We all have a story to tell. Some of our stories are filled with humor, adventure and pursuits of happiness. Others are stories of ventures gone bad, risks never taken or straight up defeat. Still others are tragedies beyond belief-stories of loss, pain, sorrow or betrayal. These stories make up our very existence; be they epic adventures or sober tragedies, they make us who we are and how we view the world…or do they?
In my practice with families I frequently find each person holds their own version of the “family story.” Often we are unaware of the many versions of the “family story” held be each individual in the family which they perceive as gospel truth. Every person remembers their version through their own lens, personality and experiences, and holds it as fact. This is how they have seen it in their mind’s eye ever since the incident took place. The idea that others have different perceptions from theirs may come as a shock.
Just for fun, take and incident from childhood (either yours or your child’s) and ask each of your family members point of view. For instance, let me share a family “legend” from my childhood. I call it a legend, because it has been told now through three generations and grows in color and detail with every decade!
We were camping in the high country of the Wallowa Mountains as we often did when I was a child. My sisters and I were fishing with my brother. I remember being so proud to have caught several fish that day, something of a rarity for me. My sisters also caught several fish, but I don’t remember my brother catching any fish. He may have, I just don’t recall it. I also remember enjoying freshly fried fish over the campfire complimented by my father’s famous fried potatoes and onions. Everything always seemed to taste better in the mountains, over the campfire…I can almost taste it as I write this now.
Now that is my version. How I remember that day in time in Eastern Oregon long ago. However, my dad has another version altogether different. He is a great story teller, and this fish story gets more and more dramatic with every re-telling. It goes something like this. “Sabrina and her sisters wanted to go fishing one day in the Wallowas. It was a great day for fishing, but they didn’t have any bait. So they asked their brother to catch them some grasshoppers. The girls were a little squimish about catching these creatures in their bare hands, so their brother obliged their request and caught enough grasshoppers for several castings. Then the girls asked him to put the little creatures on their hooks for them, becuase it was entirely too disgusting to poke a hole through the grasshoppers. Once again he obliged them kindly. Fish started to practically fly out of Mirror Lake and as they did, their brother started to gut the fish faithfully so that his sisters wouldn’t have to get their hands bloody and messy (he knew they would be too squimish for this task as well). After a long day of fishing, we started to get ready for dinner. The girls all held out their plates extended for some fried fish and potatoes. As their brother came up with his plate, ready to share in the catch of the day, all three sisters said in unison “What do you think you are doing? YOU didn’t catch any fish, and you don’t get any fish for dinner either!”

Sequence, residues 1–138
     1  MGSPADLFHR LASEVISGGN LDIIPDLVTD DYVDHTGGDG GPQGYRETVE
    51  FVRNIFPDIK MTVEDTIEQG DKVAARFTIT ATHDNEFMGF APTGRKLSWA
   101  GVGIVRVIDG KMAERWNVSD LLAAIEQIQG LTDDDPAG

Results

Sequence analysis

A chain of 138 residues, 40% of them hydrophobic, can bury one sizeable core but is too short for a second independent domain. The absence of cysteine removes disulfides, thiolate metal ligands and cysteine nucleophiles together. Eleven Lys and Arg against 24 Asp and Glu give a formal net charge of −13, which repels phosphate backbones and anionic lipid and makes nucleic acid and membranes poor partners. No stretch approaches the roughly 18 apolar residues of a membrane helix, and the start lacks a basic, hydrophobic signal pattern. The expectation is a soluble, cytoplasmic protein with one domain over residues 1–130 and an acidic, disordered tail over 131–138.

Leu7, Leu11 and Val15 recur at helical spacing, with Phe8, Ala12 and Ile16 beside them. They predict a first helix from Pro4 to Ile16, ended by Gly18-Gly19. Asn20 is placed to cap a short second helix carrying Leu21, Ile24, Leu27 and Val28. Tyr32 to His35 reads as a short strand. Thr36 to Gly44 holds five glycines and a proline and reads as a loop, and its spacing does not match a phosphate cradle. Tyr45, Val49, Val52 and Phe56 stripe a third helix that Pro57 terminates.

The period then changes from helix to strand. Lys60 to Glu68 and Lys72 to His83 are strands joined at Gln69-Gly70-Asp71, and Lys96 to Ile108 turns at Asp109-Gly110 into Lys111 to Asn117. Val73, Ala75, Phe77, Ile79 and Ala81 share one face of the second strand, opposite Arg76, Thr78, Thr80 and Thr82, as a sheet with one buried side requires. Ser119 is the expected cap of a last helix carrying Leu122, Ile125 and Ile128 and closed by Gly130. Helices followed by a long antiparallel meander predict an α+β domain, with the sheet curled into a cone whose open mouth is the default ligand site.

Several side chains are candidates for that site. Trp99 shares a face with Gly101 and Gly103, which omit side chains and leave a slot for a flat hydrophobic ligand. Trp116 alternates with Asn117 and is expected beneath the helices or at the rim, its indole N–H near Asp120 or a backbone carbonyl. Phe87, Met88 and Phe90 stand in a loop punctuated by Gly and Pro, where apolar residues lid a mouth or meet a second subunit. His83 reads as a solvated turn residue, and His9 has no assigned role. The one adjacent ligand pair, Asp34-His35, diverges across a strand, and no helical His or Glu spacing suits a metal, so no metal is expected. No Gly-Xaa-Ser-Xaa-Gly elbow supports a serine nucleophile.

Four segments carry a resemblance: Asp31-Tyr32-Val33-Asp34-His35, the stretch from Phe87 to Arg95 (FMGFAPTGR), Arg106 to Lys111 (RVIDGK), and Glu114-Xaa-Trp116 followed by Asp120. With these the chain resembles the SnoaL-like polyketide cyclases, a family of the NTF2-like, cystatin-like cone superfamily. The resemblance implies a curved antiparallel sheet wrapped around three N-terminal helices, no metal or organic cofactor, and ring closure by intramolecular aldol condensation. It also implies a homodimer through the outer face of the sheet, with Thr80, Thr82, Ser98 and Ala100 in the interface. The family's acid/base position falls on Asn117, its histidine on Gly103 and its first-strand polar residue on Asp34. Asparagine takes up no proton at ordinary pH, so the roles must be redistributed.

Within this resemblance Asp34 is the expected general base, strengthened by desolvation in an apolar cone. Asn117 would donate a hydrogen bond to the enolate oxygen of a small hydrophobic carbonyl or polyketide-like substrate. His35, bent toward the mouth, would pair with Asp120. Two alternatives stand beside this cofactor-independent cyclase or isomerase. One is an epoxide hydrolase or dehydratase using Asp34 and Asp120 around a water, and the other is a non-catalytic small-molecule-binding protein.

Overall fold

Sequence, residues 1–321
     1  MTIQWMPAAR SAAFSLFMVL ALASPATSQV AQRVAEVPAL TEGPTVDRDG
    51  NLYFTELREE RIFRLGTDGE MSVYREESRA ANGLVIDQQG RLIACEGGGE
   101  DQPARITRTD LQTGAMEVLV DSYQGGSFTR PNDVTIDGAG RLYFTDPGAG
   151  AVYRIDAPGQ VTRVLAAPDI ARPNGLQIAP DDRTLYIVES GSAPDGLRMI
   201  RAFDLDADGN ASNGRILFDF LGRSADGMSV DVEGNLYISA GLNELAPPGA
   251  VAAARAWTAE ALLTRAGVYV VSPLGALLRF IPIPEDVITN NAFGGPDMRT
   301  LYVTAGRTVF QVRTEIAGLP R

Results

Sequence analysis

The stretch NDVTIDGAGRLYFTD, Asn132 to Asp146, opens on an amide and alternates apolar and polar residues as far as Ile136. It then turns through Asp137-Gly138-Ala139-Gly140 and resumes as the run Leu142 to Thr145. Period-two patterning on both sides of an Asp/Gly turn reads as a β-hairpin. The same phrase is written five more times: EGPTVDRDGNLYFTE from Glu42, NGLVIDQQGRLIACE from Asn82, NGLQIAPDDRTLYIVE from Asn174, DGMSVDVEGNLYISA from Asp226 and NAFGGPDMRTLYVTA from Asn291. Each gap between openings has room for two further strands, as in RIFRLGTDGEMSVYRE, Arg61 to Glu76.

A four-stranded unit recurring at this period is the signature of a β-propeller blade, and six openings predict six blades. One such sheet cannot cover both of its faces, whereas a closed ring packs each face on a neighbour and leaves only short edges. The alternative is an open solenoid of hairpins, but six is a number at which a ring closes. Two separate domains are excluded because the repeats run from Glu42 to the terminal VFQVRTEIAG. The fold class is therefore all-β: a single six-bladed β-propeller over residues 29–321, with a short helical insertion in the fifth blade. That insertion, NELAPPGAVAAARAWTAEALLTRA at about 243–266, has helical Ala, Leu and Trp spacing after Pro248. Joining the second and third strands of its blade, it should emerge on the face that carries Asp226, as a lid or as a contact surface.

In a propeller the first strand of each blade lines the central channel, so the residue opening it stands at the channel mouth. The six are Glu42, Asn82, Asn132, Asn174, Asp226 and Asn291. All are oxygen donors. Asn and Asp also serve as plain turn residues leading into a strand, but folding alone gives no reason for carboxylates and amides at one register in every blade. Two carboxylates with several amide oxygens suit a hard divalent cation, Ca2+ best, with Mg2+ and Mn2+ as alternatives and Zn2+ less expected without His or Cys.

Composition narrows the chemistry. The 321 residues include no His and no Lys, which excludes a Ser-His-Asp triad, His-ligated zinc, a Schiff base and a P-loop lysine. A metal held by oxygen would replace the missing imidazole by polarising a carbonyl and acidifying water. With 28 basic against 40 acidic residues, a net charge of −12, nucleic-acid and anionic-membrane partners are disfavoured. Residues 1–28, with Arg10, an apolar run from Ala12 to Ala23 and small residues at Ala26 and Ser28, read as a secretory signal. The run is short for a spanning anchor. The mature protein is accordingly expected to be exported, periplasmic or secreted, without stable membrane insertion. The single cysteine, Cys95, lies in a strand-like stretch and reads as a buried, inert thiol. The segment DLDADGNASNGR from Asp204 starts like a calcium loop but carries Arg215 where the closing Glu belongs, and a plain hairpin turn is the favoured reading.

If you ask my brother what his memories of this day are, he will tell you he doesn’t remember the day at all. Maybe he blocked it from his memory altogether.
You can see each person’s perspective is very different. This was a light and humorous story, however, often the stories I hear are filled with much sadness, pain and hurt. If we don’t listen to each version, we don’t give that person a chance to find out what other people experienced. Telling our stories can be very healing, especially when they are received with the honor and respect each deserves. The temptation to correct the story or minimize the emotions felt is often strong, especially if we feel guilty about what the other person experienced. I try to have families ask questions of the story teller to find out as much as they can about their perspective. When we are able to tell our story in an environment that has been proven safe, there is often a great feeling of relief. It is as if a light has been turned on in a dark space of our mind. This rings especially true when loved ones are able to just simply accept what they hear without judging or condemning the teller.
The practice of writing and telling our stories is a tool used in Narrative Therapy, one of the methods sometimes used in my practice.
Does our story make up who we are? Is that story set in stone or is it able to change with time and insight into what others perceived as well? Can we change our story through telling it and gaining more understanding of what everyone else was experiencing?
What is the story you have to tell?